|There are times when
the Beast of Terror isn't welcome. Those are the times when the
Parents of Vigilance form a tight-knit Circle of Vigilance and defy
the Beast's entrance into their children's hearts and souls.
Last night was one of those evenings when the Beast of Terror was
banished by the Shields of Vigilance. They stood tall and strong
as Courage, Conviction and Right Actions held off Fear, Intimidation
14, 2002—Ground Zero Plus 458
No Room At The Inn For
The Beast Of Terror
Editor, New York City Combat Correspondent News
GROUND ZERO, New York City,
Dec. 14 -- Ever try and play hooky from God?
I did. And one of His nun's caught me.
Caught me cold. Caught me red handed. And, I
I'm not a religious man by dogmatic terms.
I wasn't raised in a particular church or felt that religion was a
meaningful part of my upbringing. Quite the contrary, I
resented it because my parents lived in a world of Terrorizing each
other with words and fights that drove whatever "loving God" concept
out of me at an early age. The fact my real father
abandoned me and I didn't like my step father who adopted me didn't
help. Or, that my grandmother was what I considered a "Bible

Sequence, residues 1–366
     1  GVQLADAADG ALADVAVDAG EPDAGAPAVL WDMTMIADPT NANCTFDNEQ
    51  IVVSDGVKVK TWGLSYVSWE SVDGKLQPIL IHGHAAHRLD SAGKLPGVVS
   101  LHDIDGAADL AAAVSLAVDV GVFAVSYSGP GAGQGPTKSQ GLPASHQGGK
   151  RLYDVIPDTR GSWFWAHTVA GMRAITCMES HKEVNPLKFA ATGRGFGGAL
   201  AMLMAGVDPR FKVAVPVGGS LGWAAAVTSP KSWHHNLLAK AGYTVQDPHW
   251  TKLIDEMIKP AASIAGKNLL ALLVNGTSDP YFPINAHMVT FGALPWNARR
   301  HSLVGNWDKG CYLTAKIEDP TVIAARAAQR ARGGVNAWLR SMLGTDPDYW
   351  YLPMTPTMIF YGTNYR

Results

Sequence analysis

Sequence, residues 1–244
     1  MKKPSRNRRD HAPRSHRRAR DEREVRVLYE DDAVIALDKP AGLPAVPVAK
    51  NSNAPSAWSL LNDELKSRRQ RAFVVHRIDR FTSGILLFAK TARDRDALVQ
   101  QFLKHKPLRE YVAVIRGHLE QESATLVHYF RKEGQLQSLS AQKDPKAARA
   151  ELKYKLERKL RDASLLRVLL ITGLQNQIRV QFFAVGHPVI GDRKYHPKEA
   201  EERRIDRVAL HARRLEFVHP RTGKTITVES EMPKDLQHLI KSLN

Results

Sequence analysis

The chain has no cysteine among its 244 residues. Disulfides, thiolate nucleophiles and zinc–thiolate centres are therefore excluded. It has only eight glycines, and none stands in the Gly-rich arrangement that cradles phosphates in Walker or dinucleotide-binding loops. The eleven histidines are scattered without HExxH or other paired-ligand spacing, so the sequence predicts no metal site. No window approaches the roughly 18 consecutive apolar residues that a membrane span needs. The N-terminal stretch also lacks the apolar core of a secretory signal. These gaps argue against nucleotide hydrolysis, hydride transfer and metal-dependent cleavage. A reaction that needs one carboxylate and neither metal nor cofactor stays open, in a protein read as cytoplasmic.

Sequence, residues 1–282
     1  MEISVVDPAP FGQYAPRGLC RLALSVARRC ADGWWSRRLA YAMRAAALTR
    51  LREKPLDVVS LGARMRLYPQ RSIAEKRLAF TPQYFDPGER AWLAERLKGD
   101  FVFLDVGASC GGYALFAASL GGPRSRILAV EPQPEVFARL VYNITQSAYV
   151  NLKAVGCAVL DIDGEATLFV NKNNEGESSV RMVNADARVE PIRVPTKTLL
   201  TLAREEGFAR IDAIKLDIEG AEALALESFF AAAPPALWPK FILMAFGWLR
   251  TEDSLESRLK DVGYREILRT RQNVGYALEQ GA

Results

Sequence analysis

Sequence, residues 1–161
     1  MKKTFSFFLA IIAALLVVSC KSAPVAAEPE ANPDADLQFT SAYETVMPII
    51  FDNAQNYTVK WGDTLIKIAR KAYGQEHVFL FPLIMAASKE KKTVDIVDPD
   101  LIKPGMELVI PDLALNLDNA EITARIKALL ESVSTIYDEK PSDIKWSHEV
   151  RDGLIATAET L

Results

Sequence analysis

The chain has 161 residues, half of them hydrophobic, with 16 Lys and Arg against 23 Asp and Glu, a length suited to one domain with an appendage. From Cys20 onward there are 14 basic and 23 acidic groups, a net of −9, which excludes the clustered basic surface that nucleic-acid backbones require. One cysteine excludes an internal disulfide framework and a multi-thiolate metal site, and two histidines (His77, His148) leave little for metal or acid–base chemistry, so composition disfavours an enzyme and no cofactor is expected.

thumping sin castigator" seemed to drive me further from the spiritual
I was never baptized as a child and felt no
allegiance to any church or belief system, and, by all definitions was
a secular humanist, one who believed the individual not some "higher
power" ruled destiny.
Representing the Hope of the World
En route to Vietnam I came face to
face with some body bags--frozen green lumps of former human beings
turned into blocks of ice zipped up
neatly in a pale green bag. At the time my dog tags--those
things you wear around you neck with your name and blood type on them,
and, your religious preference--stated I was a "No Preference,"
meaning I didn't belong to any religious belief..
When I found out that guys with No
Preference on their dog tags got the last body bags if there was a
glut of deaths, and, if they ran out, the Catholics and Protestants
got them first, I rushed to the Church, took a speed course in how to
become a Catholic, and, became what I call a Body Bag Catholic--that